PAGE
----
S/T Survived … Two Hours of Watching Animal Collective Stand Still At Their Creepy Guggenheim Performance With Danny Perez

[Photos by Jen Maler]

By Andrew Parks

“Who are these guys?”

“They’re called Animal Collective.”

“They a rock band or something?”

“Kinda.”

Welcome to one of many awkward exchanges self-titled had with audience members at the Guggenheim premiere of “Transverse Temporal Gyrus,” a performance art piece featuring the music of Animal Collective and the visuals of Danny Perez. (Longtime s/t readers will remember him as the guy who beamed projections onto Black Dice for us a couple years ago.)

That last conversation was with a member of the museum’s security team, an outside company brought in to corral any acid casualties who crumbled under the weight of the trio’s ruptured samples and prismatic synths. (Not to mention those masks, the Eyes Wide Shut cherry on the top of costumes that bridged the gap between Mickey Mouse and a sacrifice-happy black mass.) Casualties like the girl we saw on a subway platform afterward. She was a little freaked out. Or as her boyfriend put it–and I’m not making this up–”Those weren’t ghosts, hunny. They were just modulations of sound.”

See, this is why I stopped taking psychedelics after an ‘incident’ several years ago–because grown ass men have real problems, problems that don’t respond to wobbly brain waves very well. So what was “Transverse Temporal Gyrus” like if you weren’t high? A tongue twister of a title with little payoff? Not exactly. If you went into the night with the wrong attitude–or the hope that they’d suddenly break into an A/V version of “Banshee Beat”–you probably left feeling cheated, a little outraged at just how “pretentious!” Animal Collective is.

My response to that would be, where have you been all these years? While Animal Collective’s a band, first and foremost, they’ve always treated their music like an art project. Hence why they spent years performing unreleased songs rather than the record they just released–because Animal Collective’s body of work is a canvas that keeps getting whited-out and splattered every few years.

Not to get all “I was there” on you, but Animal Collective kinda bugged me out the first time I saw them–at a semi-legal art space in Philly more than five years ago (see: the above video). The idea that they’d eventually become a 21st century pop band would have seemed ludicrous at the time. So to see them go from a glorious mess to a sold-out Guggenheim show is to feel like the good guys won this time. Pretentious or not, Animal Collective have built an army of face-painted fans (we’ll be posting photos of them in a bit) on the back of music that challenges as much as it rewards. And if they want to pour their growing bank accounts into stage props and mind-fucking movies, more power to them. Hey, it’s better than someone like Spoon–indie rock vets who keep writing the same…fucking…record, over and over again. Yeah, it’s a damn good record, but haven’t we heard it all before?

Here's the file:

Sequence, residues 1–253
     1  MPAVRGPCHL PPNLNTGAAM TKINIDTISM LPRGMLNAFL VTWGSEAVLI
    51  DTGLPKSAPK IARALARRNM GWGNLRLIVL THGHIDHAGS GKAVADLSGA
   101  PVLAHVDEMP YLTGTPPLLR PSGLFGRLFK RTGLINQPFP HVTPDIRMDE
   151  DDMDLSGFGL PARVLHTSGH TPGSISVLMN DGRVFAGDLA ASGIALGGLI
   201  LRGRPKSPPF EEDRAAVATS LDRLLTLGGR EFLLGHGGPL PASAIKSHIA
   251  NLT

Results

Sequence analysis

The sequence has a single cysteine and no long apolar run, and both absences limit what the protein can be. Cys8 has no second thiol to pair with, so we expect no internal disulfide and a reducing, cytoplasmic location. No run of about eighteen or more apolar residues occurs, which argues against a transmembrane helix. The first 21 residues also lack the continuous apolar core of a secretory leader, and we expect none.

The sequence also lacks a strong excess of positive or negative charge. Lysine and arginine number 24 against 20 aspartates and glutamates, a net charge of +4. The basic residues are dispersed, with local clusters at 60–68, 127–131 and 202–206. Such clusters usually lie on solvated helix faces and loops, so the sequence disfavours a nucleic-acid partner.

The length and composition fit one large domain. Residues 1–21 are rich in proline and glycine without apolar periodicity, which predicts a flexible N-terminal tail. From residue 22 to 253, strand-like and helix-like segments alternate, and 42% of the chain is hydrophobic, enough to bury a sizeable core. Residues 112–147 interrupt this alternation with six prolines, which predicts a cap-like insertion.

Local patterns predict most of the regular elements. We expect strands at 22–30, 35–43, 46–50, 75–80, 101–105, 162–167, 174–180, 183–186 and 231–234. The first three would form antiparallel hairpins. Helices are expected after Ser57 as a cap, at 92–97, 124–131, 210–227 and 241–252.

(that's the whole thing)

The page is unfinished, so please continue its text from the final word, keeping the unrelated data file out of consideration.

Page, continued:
That said, I totally understand the Guggenheim-goer that said the following: “Give me something I can dance to.”

  • joydivided

    sounds boring as fuck. glad i skipped it.

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  • joydivided

    my buddy i talked to was fairly certain the AC guys weren’t even in attendance.

  • Well, we talked to the sound and lighting engineers there, and they said Danny was controlling the visuals from the top of the rotunda, and the band was in the costumes. Apparently, they spent all day with the engineers figuring out how everything would be triggered. So your buddy is wrong.

  • Joe

    Well I think the main cause of issue was that it was sort of made out to be this interactive experience. I was not looking for a show or anything “rock-esque,” heck i don’t even dance. However, $30 was excessive for what was delivered. That seemed to be the cause of concern for most. Moving past the amount of cliche American Apparel Columbia/NYU kids in face paint, one couldnt help but be bothered by the pretentious egos on them. Walking around like with this entitlement and pulling the stereotypical “YOU JUST DONT GET IT MAN” attitude. Toss in the amount of acid that was taken and you had a very bad vibe where all were waiting on something that never arrived. The fact that the most exciting thing all evening, and the one that everyone was buzzing about was that Haley Joel Osment was there says a lot. Pretentious is fine. Self indulgent rip off is another thing.

    • All good points, Joe. The fact that it wasn’t interactive at all surprised us as well. Honestly, we thought it was just gonna be an art installation that you walked through, where certain movements would trigger different sounds. So yeah—that was disappointing for sure.

      Appreciate the well-put response, as opposed to a knee-jerk “that was lame.”

  • Joe

    Exactly. I expected different things on different levels. Even something simple such as a piece of art and lights. The ticket handed outside even suggested that by pointing out the bar locations on different levels and encouraging one to start at the top and “work your way down.”

  • Eric

    Agree with you Joe. I don’t know where I fall in the hipster vs hedge fund spectrum reflected in the crowd, but I can say I’m a dissapointed AC fan. I wasn’t expecting a show, hoping but not expecting, but I was looking for a greater visual display and more interactive environment. It was an impressive sound display, and it created an interesting space for thought. In the end though, I feel like I spent way too much to people watch. I think the worst part was having the guys reward those who waited it out with not so much as a thank you or explanation. They really should’ve addressed the crowd.

  • joydivided

    i guess what this all comes down to is: Danny Perez…not a very good artist.

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